Title: Almost Paradise
Author: Caitlin Ricci
Cover Artist: Lee Tiffin
Publisher: eXtasy Books
Buy link: Amazon.com (Second Edition)
Genre: paranormal, shifter
Length: 17,300 words
Rating: 3 stars out of 5
A Guest Review by Cryselle
Review Summary: Very quick development but with the promise of more depth.
Travis will do anything to keep his daughter safe, now that he finally has custody. Financially ruined, he cannot even afford food for himself most days. Could a stranger’s offer to dogsit be the solution Travis has been hoping for?
Travis has done everything to keep his daughter safe. He’s fought a long, hard battle with the courts to gain full custody and has finally found some breathing room. But that security comes at a heavy price.
Staying in a motel and living off his quickly dwindling savings is no way to raise a toddler, so when Liam steps into his life and offers him hundreds of dollars just to watch his dogs for a weekend, it almost seems too good to be true.
But when he finds out there is more to Liam than he ever thought, he has a hard decision to make. Can he and his daughter stay and be safe or will he need to leave?
I both adored this story and was frustrated, as an assortment of interesting plot points got rushed treatment. I would have gladly followed along for a slower ride. Even so, I was charmed.
Liam, who is introduced as both dominant but not the supreme alpha of his shifter group, starts out by taking his enormous, half-grown dogs on a shopping expedition for trinkets and clothing. He encounters Travis, who’s there to beg a job, any job, if it will just pay something he can use to feed his toddler daughter Hannah. Totally the center of Travis’ world, keeping Hannah has cost him his home and his prosperity, and he knows down to his bones that his baby girl is worth it. But it’s costing him meals to keep her fed.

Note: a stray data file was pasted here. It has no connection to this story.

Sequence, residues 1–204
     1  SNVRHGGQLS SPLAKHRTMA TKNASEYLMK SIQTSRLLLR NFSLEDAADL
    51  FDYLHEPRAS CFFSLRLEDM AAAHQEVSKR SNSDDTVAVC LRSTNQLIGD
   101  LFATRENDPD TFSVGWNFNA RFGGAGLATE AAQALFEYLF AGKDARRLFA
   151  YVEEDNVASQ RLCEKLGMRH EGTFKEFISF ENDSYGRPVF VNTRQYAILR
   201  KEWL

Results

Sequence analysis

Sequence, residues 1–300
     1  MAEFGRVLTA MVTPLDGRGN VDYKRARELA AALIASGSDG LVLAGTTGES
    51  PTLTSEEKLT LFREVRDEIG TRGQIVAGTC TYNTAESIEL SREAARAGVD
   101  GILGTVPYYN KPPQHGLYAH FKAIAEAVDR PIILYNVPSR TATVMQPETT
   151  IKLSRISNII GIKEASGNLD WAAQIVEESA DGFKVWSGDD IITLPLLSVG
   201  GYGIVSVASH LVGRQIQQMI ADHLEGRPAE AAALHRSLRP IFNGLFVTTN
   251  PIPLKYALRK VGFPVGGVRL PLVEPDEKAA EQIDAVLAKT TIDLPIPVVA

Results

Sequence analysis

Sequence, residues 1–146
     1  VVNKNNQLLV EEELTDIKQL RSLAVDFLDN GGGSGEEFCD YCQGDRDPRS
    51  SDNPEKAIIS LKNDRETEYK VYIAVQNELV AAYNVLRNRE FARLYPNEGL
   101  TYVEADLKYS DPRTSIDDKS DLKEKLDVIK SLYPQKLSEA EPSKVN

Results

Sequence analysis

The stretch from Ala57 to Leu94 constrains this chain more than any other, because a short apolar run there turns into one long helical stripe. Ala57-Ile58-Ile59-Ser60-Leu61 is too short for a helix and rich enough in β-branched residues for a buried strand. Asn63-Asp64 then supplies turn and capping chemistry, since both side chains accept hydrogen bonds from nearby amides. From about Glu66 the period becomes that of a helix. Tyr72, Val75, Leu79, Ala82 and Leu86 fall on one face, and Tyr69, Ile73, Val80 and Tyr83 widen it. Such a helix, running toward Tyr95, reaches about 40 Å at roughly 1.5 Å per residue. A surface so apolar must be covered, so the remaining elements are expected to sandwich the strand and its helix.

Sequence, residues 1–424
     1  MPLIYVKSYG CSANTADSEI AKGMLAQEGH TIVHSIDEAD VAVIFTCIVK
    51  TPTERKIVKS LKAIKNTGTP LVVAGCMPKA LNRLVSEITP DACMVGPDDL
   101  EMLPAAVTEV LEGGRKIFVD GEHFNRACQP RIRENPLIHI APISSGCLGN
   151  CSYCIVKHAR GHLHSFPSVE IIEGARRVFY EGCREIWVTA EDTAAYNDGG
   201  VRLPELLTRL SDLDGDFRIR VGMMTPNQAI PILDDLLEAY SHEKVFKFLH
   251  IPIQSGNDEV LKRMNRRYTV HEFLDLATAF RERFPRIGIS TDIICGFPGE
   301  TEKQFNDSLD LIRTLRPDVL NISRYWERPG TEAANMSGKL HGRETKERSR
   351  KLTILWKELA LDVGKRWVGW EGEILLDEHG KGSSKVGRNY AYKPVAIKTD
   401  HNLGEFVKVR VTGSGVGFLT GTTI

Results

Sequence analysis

Little scene stealer that she is, Hannah interrupts her father’s pitch for work, wanting to touch Liam’s giant dogs. The animals adore her, and her cheerful shouts of “Puppy!” punctuate the rest of the book. All her loving daddy’s goodnight stories bear strange fruit—she’s distressingly accurate about puppies.
Things happen dizzyingly fast after that—what starts as a simple offer of a much needed meal becomes an offer to dogsit while Liam takes care of Shifter business—Travis is understandingly spooked by the instant trust, a hint of charity, and maybe an exchange of favors, and if he wasn’t desperate he’d be backing away quickly. Even if Liam is so damned hot.
Travis has been fighting for Hannah since her birth—the mother is a promise breaking horror, and the relationship between her and Travis has been messy, although what each wanted from the other was never clear and has changed with time. She’s persistent, with a hint of strangeness. Travis had a child with her, but he’s never explored his true desires—a single kiss from Liam wakes more in him than he’s comfortable with.
The story resolves several elements in a very open-ended fashion; the story is marked the first of a series and there’s all sorts of issues to explore in more depth. I’m intrigued enough to read more in spite of a couple of eye-rollers like the incredible shape-shifting clothing. The structure of the shifter group has story potential, especially since a few other characters are introduced in depth but don’t play direct roles in the plot arc here, which would annoy me more if they weren’t so clearly sequel bait.
Hannah and the dogs get a little more depth than do Travis and Liam—there’s chemistry there that we don’t see consummated, but Liam is smitten with both of them—his dreams of a family are fingertip-close, if he could just gentle Travis into accepting what’s crackling between them. Liam’s frustration is one of my favorite aspects—he can dominate dogs and people into obeying his demands, but any application of pressure on Travis and he’ll be gone like smoke, Hannah with him.
The sexual tension between Liam and Travis could be cut with a knife and is not exactly resolved. I wish certain elements had received deeper treatment and that certain issues of trust hadn’t been whipped past so quickly, but this beginning has a lot of promise. 3 stars